There’s “a tide in the affairs of men” quite different from what the Bard meant. Scientists are trying to harness the vast energy of ocean tides, or “tidal energy”, to generate electrical power. A fraction of the energy locked up in the oceans could, in theory, meet the world’s entire electricity needs. Seawater is 832 times as dense as air, so an ocean current traveling at, say, eight knots has the kinetic energy of a wind blowing at nearly 400 km/h. This makes tides a powerful energy source: clean, inexhaustible, and free from the climatic irregularities that dog wind and solar power. Since we can predict tides hundreds of years ahead, we needn’t bother about the lack of wind or rain, or fluctuations in the El Nino or La Nina cycles.
Tides are produced by the twice-daily variations in sea level, as the Moon and — to a lesser extent — the Sun, exert their gravitational force on Earth’s oceans. Because of these gravitational pulls, oceans bulge out towards the Moon. On the opposite side, the gravitational effect is partly shielded by Earth, resulting in a smaller interaction so that oceans bulge out away from the Moon, due to centrifugal forces. Similarly, the Sun causes oceans to bulge towards and away from it on the sides of Earth facing and opposite it. The difference between low and high tides is greatest during ‘spring tide’, when the Sun and Moon are in the same plane as Earth, than at ‘neap tide’, when they are at right angles to each other.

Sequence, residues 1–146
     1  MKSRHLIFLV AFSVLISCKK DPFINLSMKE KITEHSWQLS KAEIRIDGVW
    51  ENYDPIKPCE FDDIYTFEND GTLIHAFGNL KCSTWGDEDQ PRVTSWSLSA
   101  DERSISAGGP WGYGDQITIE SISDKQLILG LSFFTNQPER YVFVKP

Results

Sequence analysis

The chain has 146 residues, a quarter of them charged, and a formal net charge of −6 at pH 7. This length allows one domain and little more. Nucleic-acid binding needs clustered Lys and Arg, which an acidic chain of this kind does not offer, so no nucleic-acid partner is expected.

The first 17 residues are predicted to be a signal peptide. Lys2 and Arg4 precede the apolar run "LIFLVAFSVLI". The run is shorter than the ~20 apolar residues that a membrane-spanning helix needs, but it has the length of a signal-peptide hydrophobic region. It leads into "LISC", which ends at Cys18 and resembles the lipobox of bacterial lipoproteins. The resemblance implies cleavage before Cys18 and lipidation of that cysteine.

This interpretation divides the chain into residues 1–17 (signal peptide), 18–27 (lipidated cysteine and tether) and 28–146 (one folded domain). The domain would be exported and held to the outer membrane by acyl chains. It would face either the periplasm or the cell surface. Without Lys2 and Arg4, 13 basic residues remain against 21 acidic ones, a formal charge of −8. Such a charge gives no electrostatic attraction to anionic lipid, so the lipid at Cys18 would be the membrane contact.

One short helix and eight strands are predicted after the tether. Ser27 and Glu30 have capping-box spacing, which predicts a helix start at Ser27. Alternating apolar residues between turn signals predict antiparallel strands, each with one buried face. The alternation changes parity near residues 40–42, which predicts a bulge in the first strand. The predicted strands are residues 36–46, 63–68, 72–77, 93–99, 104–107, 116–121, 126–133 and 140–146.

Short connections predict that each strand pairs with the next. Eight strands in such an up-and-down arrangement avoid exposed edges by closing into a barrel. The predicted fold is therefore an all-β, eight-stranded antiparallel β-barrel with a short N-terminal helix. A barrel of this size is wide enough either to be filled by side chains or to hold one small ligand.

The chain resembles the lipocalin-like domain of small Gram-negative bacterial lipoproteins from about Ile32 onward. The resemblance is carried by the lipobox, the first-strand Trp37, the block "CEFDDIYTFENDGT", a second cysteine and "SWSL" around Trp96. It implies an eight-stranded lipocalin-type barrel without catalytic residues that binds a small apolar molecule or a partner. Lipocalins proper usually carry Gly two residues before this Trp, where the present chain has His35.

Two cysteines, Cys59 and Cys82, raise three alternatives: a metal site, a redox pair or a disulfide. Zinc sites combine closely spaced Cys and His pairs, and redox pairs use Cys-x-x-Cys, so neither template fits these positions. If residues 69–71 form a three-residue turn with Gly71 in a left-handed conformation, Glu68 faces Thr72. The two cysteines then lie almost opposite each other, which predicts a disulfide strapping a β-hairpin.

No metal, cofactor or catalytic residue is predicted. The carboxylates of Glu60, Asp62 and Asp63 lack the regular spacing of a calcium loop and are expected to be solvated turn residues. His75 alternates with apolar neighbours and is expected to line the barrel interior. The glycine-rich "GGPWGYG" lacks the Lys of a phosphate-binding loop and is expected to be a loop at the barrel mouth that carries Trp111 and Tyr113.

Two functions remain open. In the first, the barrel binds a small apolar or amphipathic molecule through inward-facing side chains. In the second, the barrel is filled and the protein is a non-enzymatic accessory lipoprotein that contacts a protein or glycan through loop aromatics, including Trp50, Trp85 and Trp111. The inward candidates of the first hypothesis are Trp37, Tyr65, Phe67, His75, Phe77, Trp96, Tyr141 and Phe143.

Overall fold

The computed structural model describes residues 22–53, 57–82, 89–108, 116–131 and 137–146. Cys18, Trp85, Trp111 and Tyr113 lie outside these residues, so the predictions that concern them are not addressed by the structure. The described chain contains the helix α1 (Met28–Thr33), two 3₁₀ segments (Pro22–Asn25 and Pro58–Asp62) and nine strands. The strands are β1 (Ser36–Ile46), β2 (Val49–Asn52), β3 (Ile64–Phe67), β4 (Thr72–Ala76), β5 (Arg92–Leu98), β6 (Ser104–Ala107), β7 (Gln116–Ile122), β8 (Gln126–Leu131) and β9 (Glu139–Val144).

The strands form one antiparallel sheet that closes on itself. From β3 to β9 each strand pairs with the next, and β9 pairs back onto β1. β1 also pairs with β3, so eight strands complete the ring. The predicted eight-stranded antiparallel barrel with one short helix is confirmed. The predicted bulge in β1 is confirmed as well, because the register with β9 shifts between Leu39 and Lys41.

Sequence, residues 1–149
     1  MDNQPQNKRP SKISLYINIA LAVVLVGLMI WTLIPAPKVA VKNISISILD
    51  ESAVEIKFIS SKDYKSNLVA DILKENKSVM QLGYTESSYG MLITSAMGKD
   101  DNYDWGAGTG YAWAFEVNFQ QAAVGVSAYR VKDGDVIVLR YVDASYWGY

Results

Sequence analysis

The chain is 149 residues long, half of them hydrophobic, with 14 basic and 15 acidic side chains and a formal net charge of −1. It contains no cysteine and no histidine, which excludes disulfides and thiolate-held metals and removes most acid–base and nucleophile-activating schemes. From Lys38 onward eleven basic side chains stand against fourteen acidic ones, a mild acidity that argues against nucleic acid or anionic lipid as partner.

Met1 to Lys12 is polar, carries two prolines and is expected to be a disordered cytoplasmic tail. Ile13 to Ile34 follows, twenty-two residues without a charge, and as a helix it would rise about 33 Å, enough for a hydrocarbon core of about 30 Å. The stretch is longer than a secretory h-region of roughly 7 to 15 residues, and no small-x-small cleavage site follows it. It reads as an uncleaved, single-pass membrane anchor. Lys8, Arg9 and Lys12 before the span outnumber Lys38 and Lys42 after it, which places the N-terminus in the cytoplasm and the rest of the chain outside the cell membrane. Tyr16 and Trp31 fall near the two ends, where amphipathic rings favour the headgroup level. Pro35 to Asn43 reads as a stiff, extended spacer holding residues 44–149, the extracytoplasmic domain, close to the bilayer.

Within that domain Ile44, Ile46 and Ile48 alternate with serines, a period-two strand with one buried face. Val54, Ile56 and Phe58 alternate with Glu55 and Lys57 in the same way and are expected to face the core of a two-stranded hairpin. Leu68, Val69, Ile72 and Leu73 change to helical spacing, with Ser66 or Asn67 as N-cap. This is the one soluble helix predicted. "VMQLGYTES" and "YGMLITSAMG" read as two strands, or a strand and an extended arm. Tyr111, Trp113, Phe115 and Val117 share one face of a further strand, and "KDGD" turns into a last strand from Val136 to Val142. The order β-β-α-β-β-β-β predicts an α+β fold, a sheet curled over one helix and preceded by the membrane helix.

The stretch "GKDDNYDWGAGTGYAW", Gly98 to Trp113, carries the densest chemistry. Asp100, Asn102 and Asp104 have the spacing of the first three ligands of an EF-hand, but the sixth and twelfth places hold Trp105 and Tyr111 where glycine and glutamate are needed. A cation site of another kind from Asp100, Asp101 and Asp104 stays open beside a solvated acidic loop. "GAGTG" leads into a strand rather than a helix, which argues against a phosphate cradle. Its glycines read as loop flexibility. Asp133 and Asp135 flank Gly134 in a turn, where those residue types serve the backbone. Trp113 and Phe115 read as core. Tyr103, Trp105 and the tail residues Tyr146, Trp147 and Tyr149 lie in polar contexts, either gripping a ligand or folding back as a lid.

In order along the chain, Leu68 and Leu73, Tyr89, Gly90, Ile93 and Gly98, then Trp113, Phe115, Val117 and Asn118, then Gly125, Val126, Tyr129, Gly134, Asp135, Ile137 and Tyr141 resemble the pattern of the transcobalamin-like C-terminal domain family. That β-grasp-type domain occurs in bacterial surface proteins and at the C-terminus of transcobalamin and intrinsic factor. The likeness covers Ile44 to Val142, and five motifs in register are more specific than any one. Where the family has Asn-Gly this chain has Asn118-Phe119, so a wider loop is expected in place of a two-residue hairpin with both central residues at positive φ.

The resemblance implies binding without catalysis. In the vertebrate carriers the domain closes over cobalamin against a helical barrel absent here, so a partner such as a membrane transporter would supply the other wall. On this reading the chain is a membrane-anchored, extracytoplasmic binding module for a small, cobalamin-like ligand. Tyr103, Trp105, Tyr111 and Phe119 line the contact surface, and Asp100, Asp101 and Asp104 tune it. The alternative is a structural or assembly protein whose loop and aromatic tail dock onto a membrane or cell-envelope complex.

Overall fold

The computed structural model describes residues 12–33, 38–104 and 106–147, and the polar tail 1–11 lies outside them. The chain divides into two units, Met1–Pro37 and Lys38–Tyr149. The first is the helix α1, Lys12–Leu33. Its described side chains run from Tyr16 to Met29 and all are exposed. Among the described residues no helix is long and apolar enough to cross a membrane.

When tides come into the shore, they can be trapped in reservoirs behind a high-capacity dam built across an estuary. At low tide, sluice gates in the dam open to release the water, which drives a turbine to generate electricity, just like in a regular hydroelectric power plant. But you need large increases in tides — of at least 16 feet — between low tide and high tide, and there are only a few places on Earth where tidal changes on such a large scale occur. Also, there must be a source of power supply to make up for the gaps in power production linked to the times of high and low tides. Still, the tide may turn once the price of oil is dictated by environmental costs rather than economics.